It’s time to begin the next stage of a mission that began for me in the early 1980s – when I realized that computers were about to change the publishing industry radically and forever. I helped to drive the desktop publishing revolution that changed high-quality printing and made it accessible to anyone with a personal computer.
I guess the second stage began when I first saw hypertext in 1985, while writing the user manual for Guide, the first Macintosh hypertext authoring program (those were the days when software needed a thick printed manual).
Hypertext was supposed to replace paper. But everyone promoting it had forgotten the one basic flaw in the reasoning – reading from the screen was so bad that everyone would still print information in order to read it.
The journey brought me from Scotland to the Pacific Northwest, to work at Microsoft, which I believed was the one company in the world best-placed to lead the transition from reading on paper to reading on a screen.
It may sound trite, but so many millions of people worldwide use Microsoft Windows and Microsoft Office that it’s a truism: Change Windows and Office, and you change the world.
There are probably a billion people worldwide with ClearType on their PCs and other improvements like the onscreen reading view in Word.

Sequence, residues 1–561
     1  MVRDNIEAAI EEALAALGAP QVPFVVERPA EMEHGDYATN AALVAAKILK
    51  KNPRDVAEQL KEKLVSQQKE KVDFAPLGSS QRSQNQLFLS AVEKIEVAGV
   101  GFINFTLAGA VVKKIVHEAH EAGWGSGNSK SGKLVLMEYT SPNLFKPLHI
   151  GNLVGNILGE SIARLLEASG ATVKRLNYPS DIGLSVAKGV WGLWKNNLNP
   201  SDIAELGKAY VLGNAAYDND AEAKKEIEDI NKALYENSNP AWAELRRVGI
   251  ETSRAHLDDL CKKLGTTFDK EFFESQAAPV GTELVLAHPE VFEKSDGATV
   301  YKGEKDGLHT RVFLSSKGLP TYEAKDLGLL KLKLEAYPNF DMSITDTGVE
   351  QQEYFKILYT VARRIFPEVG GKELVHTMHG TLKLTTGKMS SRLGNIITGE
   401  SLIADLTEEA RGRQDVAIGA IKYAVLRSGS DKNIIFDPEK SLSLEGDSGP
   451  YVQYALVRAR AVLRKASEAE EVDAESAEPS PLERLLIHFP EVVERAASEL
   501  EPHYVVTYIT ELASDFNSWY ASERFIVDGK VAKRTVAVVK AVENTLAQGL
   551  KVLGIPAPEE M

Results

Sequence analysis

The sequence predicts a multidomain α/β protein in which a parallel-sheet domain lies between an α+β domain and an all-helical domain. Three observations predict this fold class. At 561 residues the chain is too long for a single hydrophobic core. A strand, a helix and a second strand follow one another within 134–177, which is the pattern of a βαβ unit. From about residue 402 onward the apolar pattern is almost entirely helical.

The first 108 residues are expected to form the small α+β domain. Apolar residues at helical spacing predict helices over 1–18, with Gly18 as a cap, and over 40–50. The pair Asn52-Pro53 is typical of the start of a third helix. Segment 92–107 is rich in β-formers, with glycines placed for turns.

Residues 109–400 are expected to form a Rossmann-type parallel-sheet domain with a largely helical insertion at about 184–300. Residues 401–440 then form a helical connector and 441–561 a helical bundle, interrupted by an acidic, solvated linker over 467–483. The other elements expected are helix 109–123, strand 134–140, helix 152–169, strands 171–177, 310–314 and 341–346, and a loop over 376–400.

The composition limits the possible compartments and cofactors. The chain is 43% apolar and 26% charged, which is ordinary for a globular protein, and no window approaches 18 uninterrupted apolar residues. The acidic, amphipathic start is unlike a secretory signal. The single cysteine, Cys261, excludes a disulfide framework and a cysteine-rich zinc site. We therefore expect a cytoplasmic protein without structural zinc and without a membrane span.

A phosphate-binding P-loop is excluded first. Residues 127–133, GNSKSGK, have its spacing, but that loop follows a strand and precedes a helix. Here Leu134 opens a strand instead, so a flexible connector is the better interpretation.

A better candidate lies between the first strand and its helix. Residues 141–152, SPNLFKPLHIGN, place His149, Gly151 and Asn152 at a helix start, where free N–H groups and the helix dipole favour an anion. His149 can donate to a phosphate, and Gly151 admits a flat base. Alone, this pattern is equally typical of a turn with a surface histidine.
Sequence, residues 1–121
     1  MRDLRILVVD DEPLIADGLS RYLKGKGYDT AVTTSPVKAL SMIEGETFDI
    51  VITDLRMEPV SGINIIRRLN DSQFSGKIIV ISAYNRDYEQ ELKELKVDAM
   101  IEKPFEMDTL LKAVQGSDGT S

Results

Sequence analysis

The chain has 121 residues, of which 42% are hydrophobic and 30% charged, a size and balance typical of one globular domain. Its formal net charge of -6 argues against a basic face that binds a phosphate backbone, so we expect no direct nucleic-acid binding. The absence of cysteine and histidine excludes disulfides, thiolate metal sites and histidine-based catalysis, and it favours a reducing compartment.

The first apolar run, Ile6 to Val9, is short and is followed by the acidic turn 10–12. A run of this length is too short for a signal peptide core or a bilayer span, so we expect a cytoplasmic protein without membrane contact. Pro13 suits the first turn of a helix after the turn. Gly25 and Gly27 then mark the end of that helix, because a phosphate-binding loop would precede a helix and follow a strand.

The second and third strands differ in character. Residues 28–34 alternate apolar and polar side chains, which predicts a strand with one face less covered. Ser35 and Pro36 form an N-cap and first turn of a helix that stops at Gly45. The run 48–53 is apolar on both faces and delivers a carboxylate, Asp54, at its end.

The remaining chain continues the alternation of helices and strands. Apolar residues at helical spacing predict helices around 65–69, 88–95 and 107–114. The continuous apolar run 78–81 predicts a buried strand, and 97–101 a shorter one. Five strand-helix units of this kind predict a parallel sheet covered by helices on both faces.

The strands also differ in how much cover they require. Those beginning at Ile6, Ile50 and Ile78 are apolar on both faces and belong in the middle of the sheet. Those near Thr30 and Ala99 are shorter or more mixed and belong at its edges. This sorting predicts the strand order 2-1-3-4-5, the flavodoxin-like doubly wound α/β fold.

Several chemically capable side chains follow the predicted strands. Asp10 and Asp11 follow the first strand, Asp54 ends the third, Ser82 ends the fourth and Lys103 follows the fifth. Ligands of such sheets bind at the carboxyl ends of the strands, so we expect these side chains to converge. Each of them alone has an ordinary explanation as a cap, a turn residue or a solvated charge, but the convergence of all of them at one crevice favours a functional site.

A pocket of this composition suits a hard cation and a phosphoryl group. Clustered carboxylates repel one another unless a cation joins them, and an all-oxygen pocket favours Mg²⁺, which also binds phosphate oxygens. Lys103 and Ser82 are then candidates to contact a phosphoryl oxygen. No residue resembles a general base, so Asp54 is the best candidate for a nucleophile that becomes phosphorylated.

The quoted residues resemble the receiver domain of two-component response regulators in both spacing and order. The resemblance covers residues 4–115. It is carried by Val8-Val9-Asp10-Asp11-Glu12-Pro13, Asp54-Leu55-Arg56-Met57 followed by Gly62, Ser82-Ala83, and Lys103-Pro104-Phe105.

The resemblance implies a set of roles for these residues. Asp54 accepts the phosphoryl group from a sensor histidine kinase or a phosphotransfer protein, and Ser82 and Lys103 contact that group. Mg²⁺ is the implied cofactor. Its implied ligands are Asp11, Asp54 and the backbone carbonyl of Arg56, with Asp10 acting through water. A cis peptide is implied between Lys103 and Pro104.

I’ve had the opportunity to work with many clever folks at Microsoft. Together, we have driven a lot of change. I want to publicly thank the ClearType team at Microsoft, most of whom I’ve worked with since I joined the company over 14 years ago. They drank the Kool-Aid before anyone, when they worked for me in Microsoft’s Typography group. Back in 1995, we produced a plan together which focused us on reading from the screen. The Verdana and Georgia fonts were the first fruit of that work. And they’re still believers.
I’d like to thank Charles Torre of Microsoft’s Channel9. It has been a huge success, and it has always been a delight to work with him. If you want to see Bill Hill videos, Channel9 is the place to go. Together, they’ve had hundreds of thousands of views.
It has been a privilege to know and work with all at Channel9, and I hope we’ll stay in contact.
The job of making the screen as comfortable to read as paper is not yet completed. I’ve come to believe that it is the development of Web standards, and standards-based rendering, which will take us the rest of the way.
There’s huge potential. Two trillion pages are still printed in the US alone, every year, and that’s an enormous waste of energy and resources.
For some time, I have been preparing for leaving Microsoft by setting up my network and communications. You’ll find me on FaceBook and LinkedIn, as well as on my website and this blog.
Reading on Screen IS The Future of Reading. People thought I was mad when I tried to tell them that back in the 1980s and 1990s. Now we all spend hours every day, reading from a screen. We’ve come a long way.
But we still have promises to keep, and miles to go before we sleep.